"This Should Scare The Hell Out Of Bankers & Regulators Worldwide"
From "everyday joes" to the corporate CFOs, men, women, and others, are frantically battling a prisoner's dilemma about their banking relationship this weekend: "I’m fine if they don’t draw their money, and they’re fine if I don’t draw mine..."
But, given the lines outside banks and less than reassuring sentiment from Washington, we suspect it is too late and the that dilemma is over - now it's every man, woman, and child for themselves. As The FT report on one CFOs decision-tree:
“I got a text from another friend - he was definitely moving his money to JPMorgan. It was happening,” the finance chief said.
“The social contract that we might have collectively had was too fragile. I called our CEO and we wired 97 per cent of our deposits to HSBC by midday on Thursday.”
And as explained below, the new normal 'bank run' is instant, huge, and devastating.
Given that there are many 'bad' (read: biased and/or uninformed) takes on the situation at SVB, Bianco Research's founder and President, Jim Bianco, tried to clarify in a brief Twitter thread: (emphasis ours)
This is not a solvency crisis like 2008.
Bad loans or poor investments were not made. Money was not lost. So, everyone is going to get their money back. (And please no takes about no interest rate hedging. Asset/liability mismatches are how banking works.)
[ZH: We agree broadly but do worry, as we detailed on Thursday, about the CRE/office exposure overhang on small banks and how higher rates will actually translate to actual loan losses, not just HTM "temporary" losses.]
Instead this is an old fashion 1930s liquidity crisis.
Too many depositors demanded cash at once (as in right now) and SVB (and SI) could not convert loans and securities (and crypto) to cash that quickly. So, everyone is getting their money back from SVB (and SI), just not at 8AM Monday. And, yes this is a big problem as this is working capital for a lot of companies. They have payrolls to meet and vendors to pay next week. And if they don’t pay bills and employees, they in turn don’t pay their bills and this can quickly cascade into a major economic problem.
The important question is why so many demanded their money back at once.
And I’m not referring to the last two days. I’m asking about the days/weeks leading up to this last two days forcing SVB to sell securities and realize a $1.8B loss, necessitating a capital raise. Why were depositors withdrawing in big enough amounts before Thursday/Friday?
First, welcome to the world of mobile banking.
Gone are the frictions of standing in line with tellers instructed to count money slowly. (Media images of lines Friday were largely gawkers)
Question: How did $42 billion get withdrawn Friday alone without thousands in line?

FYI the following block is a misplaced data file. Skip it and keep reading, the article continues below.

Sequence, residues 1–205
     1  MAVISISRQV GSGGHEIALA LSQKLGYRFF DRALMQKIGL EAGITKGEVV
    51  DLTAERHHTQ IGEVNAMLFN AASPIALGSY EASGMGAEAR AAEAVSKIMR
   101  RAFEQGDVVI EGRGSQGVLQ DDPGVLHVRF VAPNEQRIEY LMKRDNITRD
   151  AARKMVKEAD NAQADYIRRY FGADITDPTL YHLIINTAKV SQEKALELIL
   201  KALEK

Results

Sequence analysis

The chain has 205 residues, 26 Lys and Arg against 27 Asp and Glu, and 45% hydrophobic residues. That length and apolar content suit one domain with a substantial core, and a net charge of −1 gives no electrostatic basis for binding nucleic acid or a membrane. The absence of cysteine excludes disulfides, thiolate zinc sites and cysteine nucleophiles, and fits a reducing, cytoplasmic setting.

Answer: your phone!
This is not the Bailey Savings and Loan anymore.
This should scare the hell of bankers and regulators worldwide.
The entire $17 trillion deposit base is now on a hair trigger expecting instant liquidity.
Add in social media and millions get a message, like Peter Thiel telling Founders companies to pull out, or Senator Warren gloating that SI went under, and pick up their phone open a Chase account and Venmo-ed their life savings into it in 10 minutes.
[ZH: Once SI died, Warren's dancing on its grave started the dominos falling...]
Instant liquidity (not solvency) crisis with everyone still in bed.
Banking will never be the same.
The second, and I did a long thread on this on Friday... banks are over-reserved, after 14 years of QE, and are still paying 0.50% on accounts when T-bills are yielding 5.00%. They don’t need to compete for deposits.
2/14— Jim Bianco biancoresearch.eth (@biancoresearch) March 10, 2023
Over the past year, banks kept rates on checking/saving accounts extremely low compared to MM funds. The avg yield on a MM (blue) reached as high as 4.43% recently, while bank rates (orange) remained at just 0.48%. The gap was almost 4% (red). pic.twitter.com/96PwaEpsrx
Initially as rates passed 2%, 3% and 4%, the public did not notice. So bankers thought deposits were well anchored at their bank and not moving regardless of the interest rate paid.
But at 5% the public finally noticed, and millions reached for the phone at once and transferred to a money market account or Treasury direct to buy T-bills. Banks were squeezed to convert loans and securities to cash instantly so depositors could leave for better rates.
Add in the bleed out from tech firms struggling, and Senator Warrens tweeting with glee about SI going out of business, and depositors at SVB got the message and picked up their phones and acted.
This is why I have been tweeting that this has to stop now.
The Fed is meeting Monday at 11:30. Too late!
They need to meet today (Sunday) at 11:30.
What needs to be done?
The FDIC needs to raise the deposit insurance ceiling to unlimited as they did this in 2008. Besides $250k is a made up number anyway. So make up a bigger number.
Banks need to get their deposit base to stop figuring out how to buy a 4.5% money market fund. They need to raise the interest rates they pay 3.00% - 3.50%, from 0.50%, immediately. Yes, this will kill bank profitability so expect Bank Execs to balk at doing this.
This way the public gets the message that you money is safe, no matter the bank, or the amount, and the rate paid on your money is at least competitive with other alternatives.
Otherwise, if they do nothing and wait for the Fed to START a meeting at 11:30 Monday, hundreds of billions of deposits will have moved by phone and it will be far worse.